Environmentalists and local residents have long cast doubts over the lasting environmental impact of the Olympics and the authorities’ promise that clear skies would remain after the Games.

Last week, Beijing said it had reached its target number of 256 “blue-sky days” this year, compared with 100 clear-sky days in 1998.

The central government has spent more than 150 billion yuan (HK$169 billion) in the past decade to clean up pollution in the capital.

Bus Services Should Reflect Changing Needs

Dec 08, 2008 – Leader

Our buses are a marvel of functionality on the city’s choked main thoroughfares, helping to keep people moving almost anywhere they want to go. They are an integral part of a safe, affordable public transport system that is the envy of most other places. Moves to streamline the services to meet the city’s changing needs are therefore welcome. But as we report today, they also face resistance.

Bus services, once confined to one operator on each side of the harbour, have proliferated even as the MTR trains have spread their reach underneath them. Compared with other large cities, travellers are often spoilt for choice. It is not surprising that there is room for streamlining, by removing or reducing some services that are duplicated and/or underused. The benefits of such a move include fewer buses contributing to congestion, and cleaner roadside air. People readily agree that would be a good thing, subject of course to the nimby (not in my backyard) syndrome. For the sake of their own convenience, they do not want services that run past their homes to be affected. Some even cite emotional attachment as a reason for keeping an old bus service. As a result, government officials find that however strong the case for cancelling or reducing a bus service on economic and environmental grounds, it can take years of lobbying to convince councils and residents to accept it.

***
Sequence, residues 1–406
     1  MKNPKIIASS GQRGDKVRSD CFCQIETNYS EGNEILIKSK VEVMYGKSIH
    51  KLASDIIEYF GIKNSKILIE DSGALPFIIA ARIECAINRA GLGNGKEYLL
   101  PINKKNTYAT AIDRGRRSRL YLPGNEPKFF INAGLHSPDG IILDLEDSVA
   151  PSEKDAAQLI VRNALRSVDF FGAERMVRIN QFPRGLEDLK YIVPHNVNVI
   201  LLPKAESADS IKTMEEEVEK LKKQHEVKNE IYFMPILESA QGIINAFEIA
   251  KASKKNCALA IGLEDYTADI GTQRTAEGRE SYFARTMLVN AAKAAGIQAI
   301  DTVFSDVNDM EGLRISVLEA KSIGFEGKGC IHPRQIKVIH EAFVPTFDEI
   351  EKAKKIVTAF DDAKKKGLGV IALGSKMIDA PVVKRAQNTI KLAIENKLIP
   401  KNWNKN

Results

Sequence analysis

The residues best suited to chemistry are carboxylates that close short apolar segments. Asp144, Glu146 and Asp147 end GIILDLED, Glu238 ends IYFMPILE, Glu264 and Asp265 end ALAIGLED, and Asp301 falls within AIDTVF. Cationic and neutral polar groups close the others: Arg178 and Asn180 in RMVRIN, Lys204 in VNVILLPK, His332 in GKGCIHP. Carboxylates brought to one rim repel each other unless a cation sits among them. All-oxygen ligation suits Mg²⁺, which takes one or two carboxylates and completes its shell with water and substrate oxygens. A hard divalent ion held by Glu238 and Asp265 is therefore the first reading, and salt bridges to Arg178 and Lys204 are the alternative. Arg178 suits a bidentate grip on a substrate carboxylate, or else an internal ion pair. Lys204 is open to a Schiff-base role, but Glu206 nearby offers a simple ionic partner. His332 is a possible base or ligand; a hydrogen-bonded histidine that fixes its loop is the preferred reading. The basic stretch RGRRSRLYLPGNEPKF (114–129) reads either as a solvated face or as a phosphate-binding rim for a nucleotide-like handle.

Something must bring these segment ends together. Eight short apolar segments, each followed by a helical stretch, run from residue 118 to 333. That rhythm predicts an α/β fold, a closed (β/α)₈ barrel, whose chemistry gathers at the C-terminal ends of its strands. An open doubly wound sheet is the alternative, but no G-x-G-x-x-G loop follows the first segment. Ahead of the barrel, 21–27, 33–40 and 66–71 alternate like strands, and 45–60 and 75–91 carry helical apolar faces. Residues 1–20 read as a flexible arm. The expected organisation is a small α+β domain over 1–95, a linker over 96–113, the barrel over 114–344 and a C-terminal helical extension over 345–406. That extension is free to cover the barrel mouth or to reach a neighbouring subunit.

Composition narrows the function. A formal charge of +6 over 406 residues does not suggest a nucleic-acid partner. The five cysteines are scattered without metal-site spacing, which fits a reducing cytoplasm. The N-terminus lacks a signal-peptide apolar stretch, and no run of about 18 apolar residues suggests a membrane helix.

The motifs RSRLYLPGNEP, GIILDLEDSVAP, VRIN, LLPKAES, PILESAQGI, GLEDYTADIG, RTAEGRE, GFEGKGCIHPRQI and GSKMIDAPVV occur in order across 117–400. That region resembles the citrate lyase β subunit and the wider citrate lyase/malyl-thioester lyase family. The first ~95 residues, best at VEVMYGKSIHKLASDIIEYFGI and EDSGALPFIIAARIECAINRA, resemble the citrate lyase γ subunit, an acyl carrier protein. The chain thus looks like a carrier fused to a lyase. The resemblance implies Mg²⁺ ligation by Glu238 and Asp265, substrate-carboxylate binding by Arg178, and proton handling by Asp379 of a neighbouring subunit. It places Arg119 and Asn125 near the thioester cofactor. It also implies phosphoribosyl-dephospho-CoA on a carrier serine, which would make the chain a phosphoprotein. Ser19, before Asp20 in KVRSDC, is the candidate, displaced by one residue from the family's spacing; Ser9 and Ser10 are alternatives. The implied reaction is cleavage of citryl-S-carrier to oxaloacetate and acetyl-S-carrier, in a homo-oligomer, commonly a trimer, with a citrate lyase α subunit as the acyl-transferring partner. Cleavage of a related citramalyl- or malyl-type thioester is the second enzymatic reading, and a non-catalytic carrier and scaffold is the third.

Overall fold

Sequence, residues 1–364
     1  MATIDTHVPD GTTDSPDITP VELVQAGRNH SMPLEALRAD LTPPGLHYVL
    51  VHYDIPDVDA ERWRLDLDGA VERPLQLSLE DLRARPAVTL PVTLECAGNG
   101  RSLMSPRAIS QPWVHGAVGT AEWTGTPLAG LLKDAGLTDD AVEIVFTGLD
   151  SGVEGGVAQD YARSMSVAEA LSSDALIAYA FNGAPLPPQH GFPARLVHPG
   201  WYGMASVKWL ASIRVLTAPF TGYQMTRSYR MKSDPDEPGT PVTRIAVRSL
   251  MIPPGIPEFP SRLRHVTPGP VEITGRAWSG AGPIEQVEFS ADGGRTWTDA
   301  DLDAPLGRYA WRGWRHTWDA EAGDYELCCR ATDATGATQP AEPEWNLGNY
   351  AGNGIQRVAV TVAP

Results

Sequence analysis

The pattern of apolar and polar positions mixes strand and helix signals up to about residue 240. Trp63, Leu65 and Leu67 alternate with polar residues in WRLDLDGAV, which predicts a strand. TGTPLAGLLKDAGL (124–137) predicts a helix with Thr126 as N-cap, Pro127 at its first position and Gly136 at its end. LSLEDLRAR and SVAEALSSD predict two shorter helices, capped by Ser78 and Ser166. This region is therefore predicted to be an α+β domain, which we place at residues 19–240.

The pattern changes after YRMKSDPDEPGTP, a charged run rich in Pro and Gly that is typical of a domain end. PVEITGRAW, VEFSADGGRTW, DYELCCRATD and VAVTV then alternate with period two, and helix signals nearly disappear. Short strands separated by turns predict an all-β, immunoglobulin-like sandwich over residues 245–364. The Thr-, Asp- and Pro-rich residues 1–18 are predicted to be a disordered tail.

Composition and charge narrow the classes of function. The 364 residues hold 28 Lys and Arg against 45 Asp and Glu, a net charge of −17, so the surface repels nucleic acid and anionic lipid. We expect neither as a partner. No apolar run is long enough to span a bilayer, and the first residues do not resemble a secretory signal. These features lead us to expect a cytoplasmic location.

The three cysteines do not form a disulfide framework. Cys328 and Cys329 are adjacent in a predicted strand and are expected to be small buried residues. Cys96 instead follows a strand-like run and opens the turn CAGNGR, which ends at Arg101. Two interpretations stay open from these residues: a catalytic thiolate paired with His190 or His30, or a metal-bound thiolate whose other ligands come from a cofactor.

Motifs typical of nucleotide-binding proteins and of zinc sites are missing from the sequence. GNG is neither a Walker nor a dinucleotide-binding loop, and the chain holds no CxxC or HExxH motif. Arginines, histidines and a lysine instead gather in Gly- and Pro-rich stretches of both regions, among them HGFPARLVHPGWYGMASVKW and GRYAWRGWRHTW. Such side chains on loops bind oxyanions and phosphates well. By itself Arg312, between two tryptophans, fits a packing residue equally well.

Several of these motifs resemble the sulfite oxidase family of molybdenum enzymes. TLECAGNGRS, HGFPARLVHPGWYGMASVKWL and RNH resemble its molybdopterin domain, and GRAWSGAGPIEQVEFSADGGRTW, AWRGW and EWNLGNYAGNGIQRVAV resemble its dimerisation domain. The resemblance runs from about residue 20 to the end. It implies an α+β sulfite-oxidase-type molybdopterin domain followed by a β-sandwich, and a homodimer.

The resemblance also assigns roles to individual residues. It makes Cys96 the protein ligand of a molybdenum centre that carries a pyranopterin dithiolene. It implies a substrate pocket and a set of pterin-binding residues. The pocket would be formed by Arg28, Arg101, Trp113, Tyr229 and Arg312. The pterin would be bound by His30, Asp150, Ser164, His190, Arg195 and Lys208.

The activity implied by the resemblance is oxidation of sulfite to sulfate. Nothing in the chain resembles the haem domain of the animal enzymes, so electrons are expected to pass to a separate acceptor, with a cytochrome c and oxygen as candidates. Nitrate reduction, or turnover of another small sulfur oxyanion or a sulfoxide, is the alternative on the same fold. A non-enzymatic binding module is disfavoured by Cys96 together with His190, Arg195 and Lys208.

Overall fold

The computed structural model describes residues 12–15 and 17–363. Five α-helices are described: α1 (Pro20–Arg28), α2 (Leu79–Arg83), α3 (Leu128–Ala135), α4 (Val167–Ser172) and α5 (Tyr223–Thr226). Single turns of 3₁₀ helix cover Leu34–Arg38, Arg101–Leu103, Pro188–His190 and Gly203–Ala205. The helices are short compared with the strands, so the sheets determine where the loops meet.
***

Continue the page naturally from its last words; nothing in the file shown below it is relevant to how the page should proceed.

There is no reason to suppose that a proposal to remove or reduce services on more than half the 26 bus routes that serve Eastern District will be any different. As we report today, a district councillor says the council is unlikely to accept such a “drastic” proposal. It is, however, only the beginning of the Transport Department’s route realignment plans for the 18 districts. The aim is to consolidate and reduce the number of buses that converge on major arteries such as King’s, Hennessy and Nathan roads. A government source rightly says that in King’s Road, for example, the choice of dozens of lines, all more or less going along the same route, does nothing for air quality or the economics of bus operations, not to mention traffic flow. Advisers to the government on air-quality objectives have suggested a 10 per cent cut in total bus trips by 2010 through route rationalisation.

The government’s policy intentions are good, but will challenge its powers of persuasion. The question is how to strike a balance with people’s desire for easy access to the most direct route to where they want to go. In such a densely populated, highly mobile society, tailoring transport services to demand is a constant priority. Reversing over-servicing can be politically difficult. But it could be made more palatable by a modern network of bus interchanges that offer flexibility in its place. An example is the airport route, serviced by buses that are often near empty. Granted, air travellers with luggage want the convenience of a direct route to the airport. But the wasteful, polluting use of resources could be reduced by an interchange at, say, Tsing Yi, where buses from all over could feed passengers to frequent departures for the airport.